Deepsea Minerals Are Coming Soon To A Cell Phone Near You

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Rocks mined from the seafloor have been confirmed as a viable source for rare earth metals, and thus a tiny piece of the ocean might soon find its way into a cell phone or computer chipboard near you. The finding, published in the April 2014 issue of Applied Geochemistry, all but guarantees a new round of focus on overcoming the challenges—both industrial and environmental—of extracting mineral riches from the ocean depths.

According to the paper, large deposits of ferromanganese—such as the lumpy nodule seen above—offer a new industrial source for minerals that could be used in everyday technologies, like cell phones and solar panels. These minerals could thus replace some of the geopolitically difficult to reach—but, despite their name, mineralogically quite common—rare earth metals currently used.

In fact, these subsea deposits are "ubiquitous in the oceanic realm," the authors write. However, they only form by way of "slow precipitation out of relatively cold ambient seawater" and, even then, "grow very slowly with rates of some millimeters per million years." Nonetheless, they exist in great concentrations—and they are economically viable for the future of high-tech gadgetry. This finding promises—or perhaps threatens, depending on your environmental view—to help make large-scale mining of the seafloor a reality.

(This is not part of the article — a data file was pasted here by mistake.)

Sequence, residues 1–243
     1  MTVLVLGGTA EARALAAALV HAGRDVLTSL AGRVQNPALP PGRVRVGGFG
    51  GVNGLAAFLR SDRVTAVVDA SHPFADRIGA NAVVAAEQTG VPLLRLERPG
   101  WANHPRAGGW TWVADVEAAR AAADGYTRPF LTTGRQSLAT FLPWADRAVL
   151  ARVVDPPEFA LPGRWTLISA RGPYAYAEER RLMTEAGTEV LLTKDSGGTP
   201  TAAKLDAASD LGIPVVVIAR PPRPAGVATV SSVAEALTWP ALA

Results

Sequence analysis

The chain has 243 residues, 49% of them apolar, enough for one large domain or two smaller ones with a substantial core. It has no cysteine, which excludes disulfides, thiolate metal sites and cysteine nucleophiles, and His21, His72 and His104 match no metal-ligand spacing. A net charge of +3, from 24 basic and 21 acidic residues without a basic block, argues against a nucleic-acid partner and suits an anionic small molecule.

Particular ocean zones are more likely than others to be exploited. As the authors explain, these nodules are found primarily in abyssal plains, particularly in the so-called Clarion Clipperton Zone of the central Pacific, suggesting an earlier glimpse of where future ocean sacrifice areas might be located as whole abyssal plains are re-zoned for industrial extraction.

The environmental impact of seabed mining should not be underestimated, however, and it is precisely this uncertainty that has justifiably held the industry at bay for so long. However, as the economic rewards of mineral exploitation of the deep sea become clear—the treasure hidden at the bottom of the sea—we will no doubt see faster passage of at least preliminary mining rights for firms eager to get in on the sea rush. [Discovery News, Applied Geochemistry]


Lead image via The Federal Institute for Geosciences and Natural Resources/Discovery News